Police in Moscow Clearing Protest After Putin Foe Verdict – Voice of America

Posted: Tuesday, December 30, 2014

Police in Moscow have begun detaining protesters at an impromptu rally staged just hours after a court found opposition leader Alexei Navalny and his brother Oleg guilty of fraud in a case seen by critics as politically motivated.

Several hundred protesters were peacefully assembled in Moscow’s Manezh Square when special forces moved in, hauling some demonstrators into police vans, VOA’s Daniel Schearf reports from the scene.

Alexei Navalny himself, ordered under house arrest, was detained by police shortly after he joined protesters.

Earlier, a Russian court found the Navalny borthers guilty of fraud and sentenced them to three-and-a-half years in prison. But, in a surprise move, the court suspended the sentence against Alexei but not for his brother, in a twist that supporters say is aimed at going after the anti-corruption campaigner’s family.

The court sesssion was abruptly moved up by two weeks in a move seen as heading off a protest planned by the brothers’ supporters for next month. Over 33,000 people had signed up on Facebook to attend a rally on January 15, when the verdict was originally expected.

The judge found the Navalny brothers guilty of embezzling funds from a Russian subsidiary of French cosmetics company Ives Rocher. But, while Alexei, a prominent critic of President Vladimir Putin, was given a suspended sentence, his brother Oleg was ordered to serve three-and-a-half years in prison.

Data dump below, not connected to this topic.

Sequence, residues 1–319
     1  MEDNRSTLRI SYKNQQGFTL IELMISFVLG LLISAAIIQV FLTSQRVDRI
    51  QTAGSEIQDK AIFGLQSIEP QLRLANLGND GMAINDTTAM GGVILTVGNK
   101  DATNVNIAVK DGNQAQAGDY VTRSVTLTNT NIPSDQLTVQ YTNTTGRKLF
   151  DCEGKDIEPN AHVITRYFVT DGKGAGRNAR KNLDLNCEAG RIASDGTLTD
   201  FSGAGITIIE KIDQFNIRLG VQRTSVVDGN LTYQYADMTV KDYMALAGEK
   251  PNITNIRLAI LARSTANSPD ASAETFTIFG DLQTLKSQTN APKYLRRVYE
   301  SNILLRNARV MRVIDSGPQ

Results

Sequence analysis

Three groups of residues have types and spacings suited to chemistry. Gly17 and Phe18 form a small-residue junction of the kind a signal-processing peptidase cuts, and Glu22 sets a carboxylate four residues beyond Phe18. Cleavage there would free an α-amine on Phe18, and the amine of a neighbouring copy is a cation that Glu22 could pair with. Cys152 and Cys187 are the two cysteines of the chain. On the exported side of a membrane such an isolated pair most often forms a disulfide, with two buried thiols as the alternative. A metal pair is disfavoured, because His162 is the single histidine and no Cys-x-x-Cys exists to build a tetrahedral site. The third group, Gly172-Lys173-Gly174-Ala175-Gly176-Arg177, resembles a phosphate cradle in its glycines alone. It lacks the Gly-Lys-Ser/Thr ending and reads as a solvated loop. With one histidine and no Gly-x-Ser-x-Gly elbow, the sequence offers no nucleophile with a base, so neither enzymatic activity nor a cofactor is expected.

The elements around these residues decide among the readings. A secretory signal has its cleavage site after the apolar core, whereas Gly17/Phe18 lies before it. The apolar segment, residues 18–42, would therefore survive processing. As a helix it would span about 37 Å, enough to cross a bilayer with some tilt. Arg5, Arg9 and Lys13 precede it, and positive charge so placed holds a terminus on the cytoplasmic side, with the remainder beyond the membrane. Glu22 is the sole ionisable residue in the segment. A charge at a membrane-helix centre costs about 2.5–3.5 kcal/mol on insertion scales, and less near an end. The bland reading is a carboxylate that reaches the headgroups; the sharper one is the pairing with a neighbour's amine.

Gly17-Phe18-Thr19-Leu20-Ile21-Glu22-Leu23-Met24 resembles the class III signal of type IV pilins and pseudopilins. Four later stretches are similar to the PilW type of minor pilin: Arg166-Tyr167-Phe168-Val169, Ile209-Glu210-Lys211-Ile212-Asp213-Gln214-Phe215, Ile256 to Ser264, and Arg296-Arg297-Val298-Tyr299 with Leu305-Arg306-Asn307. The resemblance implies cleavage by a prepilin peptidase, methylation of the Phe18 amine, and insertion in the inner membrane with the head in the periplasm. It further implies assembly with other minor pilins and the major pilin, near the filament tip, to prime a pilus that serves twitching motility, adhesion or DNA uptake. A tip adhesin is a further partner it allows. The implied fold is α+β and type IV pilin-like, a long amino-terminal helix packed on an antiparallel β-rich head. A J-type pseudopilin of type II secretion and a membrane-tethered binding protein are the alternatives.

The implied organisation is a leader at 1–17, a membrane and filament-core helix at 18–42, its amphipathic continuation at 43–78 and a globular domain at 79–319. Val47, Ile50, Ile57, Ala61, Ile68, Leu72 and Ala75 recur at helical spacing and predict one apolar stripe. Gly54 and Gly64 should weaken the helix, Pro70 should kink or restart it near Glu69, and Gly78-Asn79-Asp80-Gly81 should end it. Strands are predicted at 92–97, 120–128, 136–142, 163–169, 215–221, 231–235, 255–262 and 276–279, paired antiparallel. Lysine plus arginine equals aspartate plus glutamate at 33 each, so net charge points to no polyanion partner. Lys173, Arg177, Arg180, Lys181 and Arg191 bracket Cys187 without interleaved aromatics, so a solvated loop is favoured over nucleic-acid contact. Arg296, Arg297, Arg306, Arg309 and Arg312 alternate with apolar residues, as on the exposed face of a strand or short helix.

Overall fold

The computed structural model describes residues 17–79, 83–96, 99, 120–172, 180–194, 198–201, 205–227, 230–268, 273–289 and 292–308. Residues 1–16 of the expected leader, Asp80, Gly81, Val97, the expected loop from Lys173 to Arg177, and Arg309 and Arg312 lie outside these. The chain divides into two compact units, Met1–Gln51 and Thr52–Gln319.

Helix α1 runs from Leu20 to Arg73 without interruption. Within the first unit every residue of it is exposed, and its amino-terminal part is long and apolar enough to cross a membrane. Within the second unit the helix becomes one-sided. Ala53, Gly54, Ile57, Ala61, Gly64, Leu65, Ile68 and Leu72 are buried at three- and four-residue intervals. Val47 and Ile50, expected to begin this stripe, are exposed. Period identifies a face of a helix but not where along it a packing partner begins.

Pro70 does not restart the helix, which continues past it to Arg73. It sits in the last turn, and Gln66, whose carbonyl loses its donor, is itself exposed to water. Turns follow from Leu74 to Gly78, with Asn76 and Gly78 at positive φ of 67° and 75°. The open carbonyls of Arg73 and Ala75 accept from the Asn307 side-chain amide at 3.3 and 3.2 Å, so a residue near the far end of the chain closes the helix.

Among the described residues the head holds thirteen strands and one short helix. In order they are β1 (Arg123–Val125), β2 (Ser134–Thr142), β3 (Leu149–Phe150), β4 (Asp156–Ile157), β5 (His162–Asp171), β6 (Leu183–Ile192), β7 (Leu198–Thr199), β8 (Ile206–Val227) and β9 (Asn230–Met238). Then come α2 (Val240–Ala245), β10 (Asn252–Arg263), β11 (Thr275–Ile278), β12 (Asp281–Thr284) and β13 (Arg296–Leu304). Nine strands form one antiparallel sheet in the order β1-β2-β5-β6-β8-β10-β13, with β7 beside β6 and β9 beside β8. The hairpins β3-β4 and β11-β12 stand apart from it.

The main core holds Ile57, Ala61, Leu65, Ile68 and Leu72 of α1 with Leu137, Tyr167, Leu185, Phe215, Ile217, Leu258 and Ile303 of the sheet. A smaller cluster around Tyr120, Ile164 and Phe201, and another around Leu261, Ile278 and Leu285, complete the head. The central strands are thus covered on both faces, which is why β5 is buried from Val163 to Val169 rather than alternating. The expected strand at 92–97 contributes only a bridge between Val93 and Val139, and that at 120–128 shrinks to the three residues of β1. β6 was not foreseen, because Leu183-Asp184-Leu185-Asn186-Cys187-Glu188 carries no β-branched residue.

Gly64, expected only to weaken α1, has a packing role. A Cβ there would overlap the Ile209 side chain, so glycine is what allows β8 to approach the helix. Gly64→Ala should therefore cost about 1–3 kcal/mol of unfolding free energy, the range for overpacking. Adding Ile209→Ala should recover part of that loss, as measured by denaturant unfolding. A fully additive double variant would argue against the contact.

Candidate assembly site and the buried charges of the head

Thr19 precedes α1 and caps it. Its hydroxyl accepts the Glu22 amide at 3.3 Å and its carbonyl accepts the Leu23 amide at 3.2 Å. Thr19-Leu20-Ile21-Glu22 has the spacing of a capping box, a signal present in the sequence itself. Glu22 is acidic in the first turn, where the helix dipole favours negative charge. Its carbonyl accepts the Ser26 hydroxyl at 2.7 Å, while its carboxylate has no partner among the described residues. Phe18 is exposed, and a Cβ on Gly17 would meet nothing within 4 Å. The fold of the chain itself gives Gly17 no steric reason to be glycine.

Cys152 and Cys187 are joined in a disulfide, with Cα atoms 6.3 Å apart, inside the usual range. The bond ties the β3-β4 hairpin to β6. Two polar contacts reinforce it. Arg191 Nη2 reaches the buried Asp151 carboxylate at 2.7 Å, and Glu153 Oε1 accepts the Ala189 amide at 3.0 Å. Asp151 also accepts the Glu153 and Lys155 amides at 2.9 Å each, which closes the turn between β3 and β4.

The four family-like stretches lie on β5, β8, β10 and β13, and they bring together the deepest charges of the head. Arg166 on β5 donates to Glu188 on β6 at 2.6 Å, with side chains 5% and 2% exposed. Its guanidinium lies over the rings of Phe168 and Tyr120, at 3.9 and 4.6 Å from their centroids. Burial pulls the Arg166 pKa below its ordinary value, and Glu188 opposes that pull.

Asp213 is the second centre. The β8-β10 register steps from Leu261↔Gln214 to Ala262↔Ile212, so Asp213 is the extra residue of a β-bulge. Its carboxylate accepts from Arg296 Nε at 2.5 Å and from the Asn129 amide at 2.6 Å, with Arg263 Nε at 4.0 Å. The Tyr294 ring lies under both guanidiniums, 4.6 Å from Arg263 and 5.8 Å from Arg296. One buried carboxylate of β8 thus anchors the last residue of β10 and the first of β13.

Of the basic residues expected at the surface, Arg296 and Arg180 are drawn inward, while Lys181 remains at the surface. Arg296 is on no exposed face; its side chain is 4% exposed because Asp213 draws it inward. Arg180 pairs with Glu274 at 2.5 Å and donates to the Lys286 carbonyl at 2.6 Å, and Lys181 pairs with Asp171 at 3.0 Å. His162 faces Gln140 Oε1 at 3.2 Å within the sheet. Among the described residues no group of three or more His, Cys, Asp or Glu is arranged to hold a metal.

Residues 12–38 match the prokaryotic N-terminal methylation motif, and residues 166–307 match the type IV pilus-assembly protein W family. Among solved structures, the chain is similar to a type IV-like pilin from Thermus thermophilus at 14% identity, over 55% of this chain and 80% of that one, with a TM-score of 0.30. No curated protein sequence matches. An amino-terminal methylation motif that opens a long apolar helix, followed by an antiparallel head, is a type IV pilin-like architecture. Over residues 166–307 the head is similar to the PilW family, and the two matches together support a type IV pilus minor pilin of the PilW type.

Both were ordered to pay 500,000 rubles (nearly $9,000)  in fines. It was not immediately clear why the judge gave a harsher sentence to Oleg than to Alexei, but critics decried it as a blatant attempt to pressure the opposition leader through his family.

“Aren’t you ashamed of what you are doing?” Alexei told the court and judge Yelena Korobchenko. “What are you locking him (Oleg) up for? To punish me even more?” he asked after the verdict was announced.

Speaking later to reporters outside the courthouse, Alexei Navalny leashed out at the Kremlin.

“This government tortures relatives of their opponents. A government that tortures innocent people does not deserve to exist. I call on everyone to go to the square today,” said Navalny apparently referring to Moscow’s Manezh Square, the site of planned protests.

Less than one hundred protesters had gathered outside the courthouse earlier in the day, and a few were hauled off by police.

Police late Monday began setting up barricades in Manezh Square, adjacent to the Kremlin and Red Square.

The U.S. State Department  has issued an advisory to Americans in Moscow, warning them of possible violence and arrests should protests materialize.

Experts see no merit

Prosecutor Nadezhda Ignatova said that the Navalny brothers’ guilt has been fully proven.

However, supporters of the brothers and many Russian legal experts point out that not even a minimum of evidence was collected in the case, victims were not named and no damage proven. Representatives of Yves Rocher in Russia have also said that they have no claims against the Navalny brothers.